[THIS IS ONE PART OF SIX PARTS IN A SEQUENCE OF LESSONS FOR THE FIRST "MINI-UNIT" IN MY COURSE.]
Before you begin this lesson it is important that students have written/rewritten some personal writing about themselves for homework. I use the "About Me" assignment, a lesson from the first days of the course for this purpose. Also, this short piece of writing needs to be accessible as an e-copy before the lesson begins.
When students come to class, I have my website bio posted on the screen as they enter. After the bell rings I read it aloud to them, and I ask them to comment on how it seems that I might be if one meet me in person. I lead a short discussion.
Generally, students answer that it seems I would be engaging and (maybe) interesting, but that I have had lots of "life experience" beyond theirs. (Such is the rub of using a teacher/adult example for the opening of this lesson.) I agree; especially about the "interesting" part!
I articulate, though, how important one's "web persona" or "web presence" is, and I compare that to the old fashioned resume of their parent's generation. I share that in my reading about the need for a good web-bio./persona I've discovered that the web-bio. has, in fact, begun to replace the resume altogether. I also mention the new Google Authorship project, and we discuss the use of these kinds of technology across the web. I really want them to think of their sites as a portal for them and about them.
Finally, I make reference to Playbill (the theater program publisher) and their actor bios. I point out that the bios at the back of a Playbill are something to aspire to, and I also share examples, using the document camera or from photocopies, of the student-editor bios. in The Best American Nonrequired Reading.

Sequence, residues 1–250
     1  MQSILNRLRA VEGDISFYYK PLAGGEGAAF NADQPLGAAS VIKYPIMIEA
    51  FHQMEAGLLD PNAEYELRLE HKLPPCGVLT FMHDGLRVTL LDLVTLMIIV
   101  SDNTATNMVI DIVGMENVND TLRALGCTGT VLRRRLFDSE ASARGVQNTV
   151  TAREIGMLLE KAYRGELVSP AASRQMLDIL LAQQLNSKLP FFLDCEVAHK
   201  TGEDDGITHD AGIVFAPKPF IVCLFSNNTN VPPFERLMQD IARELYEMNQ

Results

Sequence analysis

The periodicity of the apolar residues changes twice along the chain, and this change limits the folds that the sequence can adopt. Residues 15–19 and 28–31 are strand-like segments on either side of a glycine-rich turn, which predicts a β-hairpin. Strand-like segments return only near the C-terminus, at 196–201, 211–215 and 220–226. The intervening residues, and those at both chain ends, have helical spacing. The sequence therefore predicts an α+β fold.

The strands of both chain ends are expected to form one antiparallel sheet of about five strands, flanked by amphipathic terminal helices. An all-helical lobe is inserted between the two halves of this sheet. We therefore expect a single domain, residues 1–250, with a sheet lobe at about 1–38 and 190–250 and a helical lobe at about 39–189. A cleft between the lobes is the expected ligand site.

The Dave Eggers Nonrequired project makes excellent, indeed inspiring, use of selected high school, student editors, and these editor bios. are the best example of the form I have found. (Special note: the 2012 edition of Best American Nonrequired is available to preview at Google Books; look at page 392 for student bio. examples.)
These examples and this discussion gets them thinking ...
After the introduction, it is time for some assisted practice. I ask students to access the e-copy of their "About Me" and simply cut this into the "bio box" of their Research Notebook. I ask them to consider changing the "narrative" to third person, and I mention that this technique lends a certain "authority" to their bio. I give them ten minutes to change person (from 1st to 3rd) and to edit their bio down to a paragraph (or about 4 - 6 sentences).
At the end of the first 10 min., I have my students stand up and swap chairs with a partner sitting next to or near them. Then I ask all students to review each other and offer feedback. About 4 or 5 min. before the bell rings, I ask students to make any changes they believe are necessary to their bios., save, and log-out.
Just before the bell rings, I mention that I will send an email with a few links, and I ask students to review this before class again tomorrow.
Here's an edited version of the text of that email:
During the course of last school year (2012-2013), I did not emphasize the 3rd-Person approach to bio. writing, but rather "mentioned" it and shared the examples from Non-Required Reading. This past fall (2013), I did, however, conduct the very specific lesson I have described above, which, in fact, makes it a point to write in the 3rd person about one's self.
I've added some student examples of bios., cut from the home pages of their sites, to the resources section. You will notice that the difference between writing in the 3rd person and the 1st is rather striking!